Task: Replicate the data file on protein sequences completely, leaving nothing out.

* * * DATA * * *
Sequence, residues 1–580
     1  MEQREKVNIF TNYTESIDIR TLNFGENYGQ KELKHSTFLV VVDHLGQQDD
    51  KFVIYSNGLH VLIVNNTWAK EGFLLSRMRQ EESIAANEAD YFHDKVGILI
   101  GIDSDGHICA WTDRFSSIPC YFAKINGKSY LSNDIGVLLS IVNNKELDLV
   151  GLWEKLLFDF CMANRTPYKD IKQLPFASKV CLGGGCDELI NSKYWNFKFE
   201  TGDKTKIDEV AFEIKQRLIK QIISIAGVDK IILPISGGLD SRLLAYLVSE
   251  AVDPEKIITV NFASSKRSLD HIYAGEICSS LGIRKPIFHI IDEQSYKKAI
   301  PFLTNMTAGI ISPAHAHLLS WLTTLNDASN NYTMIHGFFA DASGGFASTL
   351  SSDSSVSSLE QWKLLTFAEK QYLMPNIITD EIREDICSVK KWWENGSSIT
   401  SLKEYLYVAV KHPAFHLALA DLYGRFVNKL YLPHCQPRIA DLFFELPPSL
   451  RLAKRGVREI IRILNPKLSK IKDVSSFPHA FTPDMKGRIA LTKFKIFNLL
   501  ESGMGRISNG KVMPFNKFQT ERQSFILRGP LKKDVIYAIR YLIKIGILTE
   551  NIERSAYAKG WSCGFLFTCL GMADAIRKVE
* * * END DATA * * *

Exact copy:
Sequence, residues 1–580
     1  MEQREKVNIF TNYTESIDIR TLNFGENYGQ KELKHSTFLV VVDHLGQQDD
    51  KFVIYSNGLH VLIVNNTWAK EGFLLSRMRQ EESIAANEAD YFHDKVGILI
   101  GIDSDGHICA WTDRFSSIPC YFAKINGKSY LSNDIGVLLS IVNNKELDLV
   151  GLWEKLLFDF CMANRTPYKD IKQLPFASKV CLGGGCDELI NSKYWNFKFE
   201  TGDKTKIDEV AFEIKQRLIK QIISIAGVDK IILPISGGLD SRLLAYLVSE
   251  AVDPEKIITV NFASSKRSLD HIYAGEICSS LGIRKPIFHI IDEQSYKKAI
   301  PFLTNMTAGI ISPAHAHLLS WLTTLNDASN NYTMIHGFFA DASGGFASTL
   351  SSDSSVSSLE QWKLLTFAEK QYLMPNIITD EIREDICSVK KWWENGSSIT
   401  SLKEYLYVAV KHPAFHLALA DLYGRFVNKL YLPHCQPRIA DLFFELPPSL
   451  RLAKRGVREI IRILNPKLSK IKDVSSFPHA FTPDMKGRIA LTKFKIFNLL
   501  ESGMGRISNG KVMPFNKFQT ERQSFILRGP LKKDVIYAIR YLIKIGILTE
   551  NIERSAYAKG WSCGFLFTCL GMADAIRKVE